Sports-related eye injuries could cause serious complications, such as a detached retina. Here, Swiss defender Steve von Bergen is helped off the field during a World Cup match against France. Credit: Getty Images
Many people experience temporary eye-related problems such as pink eye (conjunctivitis) from a cold virus or a scratched cornea resulting from an object coming into contact with the eye.
But there are a number of conditions that constitute true eye emergencies which, if not treated promptly, could result in permanent loss of vision.
In these cases, seeking emergency medical attention from an ophthalmologist is essential to preserving or recovering your vision.
This can occur when the sensory layer within the eye lifts away from its inner surface, resulting in abnormal electrical impulses (flashes) and debris to float inside the eye and possibly a wavy quality to vision. A laser procedure to reattach the retina may be necessary.
The smallest splash of a caustic liquid that is either acidic or worse, highly alkaline, may result in a chemical burn that compromises vision. Immediately rinse with cool running water before seeking medical attention.
This condition causes the fluid pressure within the eye to suddenly increase, which may result in blurred vision, a red eye, nausea and vomiting, the appearance of a halolike glow around lights and a hazy cornea. Emergency diagnosis, medication to lower the eye pressure and even surgery can be effective.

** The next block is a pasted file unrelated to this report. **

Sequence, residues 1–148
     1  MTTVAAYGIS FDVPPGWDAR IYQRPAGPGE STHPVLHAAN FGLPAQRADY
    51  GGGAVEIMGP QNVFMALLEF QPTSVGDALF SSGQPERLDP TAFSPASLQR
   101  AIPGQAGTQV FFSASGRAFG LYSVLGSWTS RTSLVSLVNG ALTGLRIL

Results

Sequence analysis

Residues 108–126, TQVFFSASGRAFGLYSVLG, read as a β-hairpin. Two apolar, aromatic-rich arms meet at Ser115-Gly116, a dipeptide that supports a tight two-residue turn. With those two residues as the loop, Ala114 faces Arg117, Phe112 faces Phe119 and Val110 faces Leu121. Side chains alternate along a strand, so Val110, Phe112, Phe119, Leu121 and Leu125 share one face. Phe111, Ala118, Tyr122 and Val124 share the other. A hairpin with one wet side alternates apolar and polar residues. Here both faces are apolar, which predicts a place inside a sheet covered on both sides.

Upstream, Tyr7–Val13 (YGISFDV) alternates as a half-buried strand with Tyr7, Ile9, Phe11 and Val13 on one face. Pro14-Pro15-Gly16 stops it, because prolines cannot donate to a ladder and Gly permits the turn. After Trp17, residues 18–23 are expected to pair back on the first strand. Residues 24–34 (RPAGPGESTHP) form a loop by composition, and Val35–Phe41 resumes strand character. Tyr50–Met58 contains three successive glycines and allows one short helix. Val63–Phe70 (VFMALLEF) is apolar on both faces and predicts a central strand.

Retinal artery/vein occlusion
The eye’s main blood vessels can become blocked, causing sudden and painless blurring or loss of vision. Treatments include medications, injections or lasers.
Rupturing or perforation of the eyeball can happen from a hard poke or hit while playing sports or from a piece of debris entering the eye at high speed, such as an errant shaving from a workshop tool. Wearing protective goggles or a shield is essential to prevent these injuries; once they occur, they require immediate ophthalmological evaluation, antibiotics to prevent infection and possible surgery. Do not touch your eye if you suspect there is something stuck in it, as this will only worsen the injury.
Don't put your most vital sense at risk. If you’re experiencing any of these or other worrying symptoms, don’t wait to consult a doctor.
What to watch for
If you’re experiencing any of these symptoms, seek medical attention right away to diagnose and treat what might otherwise be a permanent threat to your vision:
• Eye pain • Vision loss • Seeing a halo • Flashes or floaters • Bulging or swelling of the eye • Double vision • Discharge, crusting or tearing • Blurred vision that persists